In a surprise shake-up, Zurich-based Credit Suisse Group said Thursday that co-chief executive John J. Mack, who helped return the firm's U.S. investment banking arm to profitability after two dismal years, will step down when his contract expires in July.
The company said Oswald J. Grubel would become sole chief executive of Credit Suisse Group as of July 13. Brady W. Dougan, 44, will replace Mack as chief executive of the firm's U.S. banking unit, Credit Suisse First Boston.
Dougan heads CSFB's institutional securities department and is viewed as a close ally of Grubel's. Some analysts said Dougan's ascension indicates Grubel won a power struggle with Mack for control of the firm.
Mack's departure surprised Wall Street, coming just weeks after he told a magazine that he had no plans to leave. Mack, a major fundraiser and contributor to President Bush's reelection effort, was responding to rumors that he planned to leave CSFB for a job in the administration.
"The answer is no, I am not leaving," he told Euromoney magazine in its June 1 edition. "If I did, what would I do? In 2001, I didn't work for four months, and I only got my golf handicap down by one stroke. I like what I'm doing, and there's more to be done."
Mack did not return a call for comment. In a prepared statement, Credit Suisse Group Chairman Walter B. Kielholz praised Mack for leading "a dramatic turnaround of CSFB -- delivering a $1.4 billion profit last year, enhancing its reputation by resolving major regulatory challenges and strengthening the franchise in key areas for future growth."
Mack, who previously lost out in a struggle with Philip J. Purcell to head investment bank Morgan Stanley, joined CSFB in July 2001 and immediately began trimming a staff bloated by the firm's $13 billion acquisition of Donaldson, Lufkin & Jenrette.
Mack succeeded at that task, cutting CSFB's staff by a third during his tenure. After losing $1.2 billion in 2002, CSFB rebounded and earned a net profit of $607 million in the first quarter of 2004, a 39 percent increase over the same period in 2003.
But Mack also inherited a firm badly foundering in the wake of the technology and telecommunications stock bubble implosion. CSFB, whose Silicon Valley-based technology investment banking unit was among the leaders in bringing Internet start-ups public during the boom, found itself in the midst of multiple regulatory inquiries when the bubble burst in 2000.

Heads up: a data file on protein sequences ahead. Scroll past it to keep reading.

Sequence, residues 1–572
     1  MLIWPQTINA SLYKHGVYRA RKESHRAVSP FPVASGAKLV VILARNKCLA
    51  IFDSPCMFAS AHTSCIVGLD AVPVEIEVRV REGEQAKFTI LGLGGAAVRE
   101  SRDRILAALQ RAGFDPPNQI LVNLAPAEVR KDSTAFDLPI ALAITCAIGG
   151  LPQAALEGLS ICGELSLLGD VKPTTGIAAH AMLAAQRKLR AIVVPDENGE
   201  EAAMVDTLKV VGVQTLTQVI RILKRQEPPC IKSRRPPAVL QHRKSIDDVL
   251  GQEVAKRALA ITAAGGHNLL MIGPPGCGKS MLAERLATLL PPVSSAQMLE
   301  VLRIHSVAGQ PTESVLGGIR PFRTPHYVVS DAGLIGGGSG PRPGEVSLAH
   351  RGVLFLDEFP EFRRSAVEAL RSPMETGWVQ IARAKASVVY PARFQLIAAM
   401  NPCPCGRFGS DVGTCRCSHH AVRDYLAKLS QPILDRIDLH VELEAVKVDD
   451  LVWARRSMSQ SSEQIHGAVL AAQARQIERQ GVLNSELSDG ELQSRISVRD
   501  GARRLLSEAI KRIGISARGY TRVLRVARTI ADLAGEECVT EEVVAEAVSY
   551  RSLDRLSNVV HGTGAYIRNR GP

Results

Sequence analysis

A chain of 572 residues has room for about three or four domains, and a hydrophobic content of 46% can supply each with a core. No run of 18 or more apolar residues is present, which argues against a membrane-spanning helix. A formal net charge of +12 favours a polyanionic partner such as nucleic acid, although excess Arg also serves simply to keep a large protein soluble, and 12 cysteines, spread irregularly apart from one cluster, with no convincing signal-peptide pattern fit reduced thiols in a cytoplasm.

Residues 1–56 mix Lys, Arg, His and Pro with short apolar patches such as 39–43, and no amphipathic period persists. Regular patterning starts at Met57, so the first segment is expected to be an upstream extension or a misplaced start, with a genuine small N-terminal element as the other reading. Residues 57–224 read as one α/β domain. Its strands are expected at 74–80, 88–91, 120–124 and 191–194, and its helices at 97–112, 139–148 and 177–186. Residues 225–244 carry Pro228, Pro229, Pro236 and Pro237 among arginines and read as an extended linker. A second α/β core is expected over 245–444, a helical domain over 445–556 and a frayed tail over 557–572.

CSFB's star technology banker, Frank P. Quattrone, was convicted last month of obstructing two federal probes into the way his firm handed out hot new stocks. Mack negotiated the firm's way through the multiple probes but was not able to restore CSFB's rankings in Wall Street's all-important "league tables," which measure fees that firms generate from stock and bond underwriting, mergers and acquisitions advice, and other services.
CSFB dropped to seventh place from third last year in global fee generation, according to consulting firm Freeman & Co. Several observers said Mack might have fallen victim to that decline.
"The expectation was that he would take CSFB back into the first rank of brokerage firms, and, looking at the league tables, it doesn't seem like he is doing that," said Richard X. Bove, an analyst at brokerage and investment bank Hoefer & Arnett Inc. "So when it came time to renew [Mack's contract], it appears the Swiss are regaining control and will pick their own man" to head CSFB. Bove's firm does no business with CSFB, and he does not own the firm's stock.
Credit Suisse Group appeared to support Bove's assertion in its news release announcing the management changes and a realignment of its business operations. Kielholz said one reason for the shake-up was to "strengthen the competitive positioning of our core banking businesses."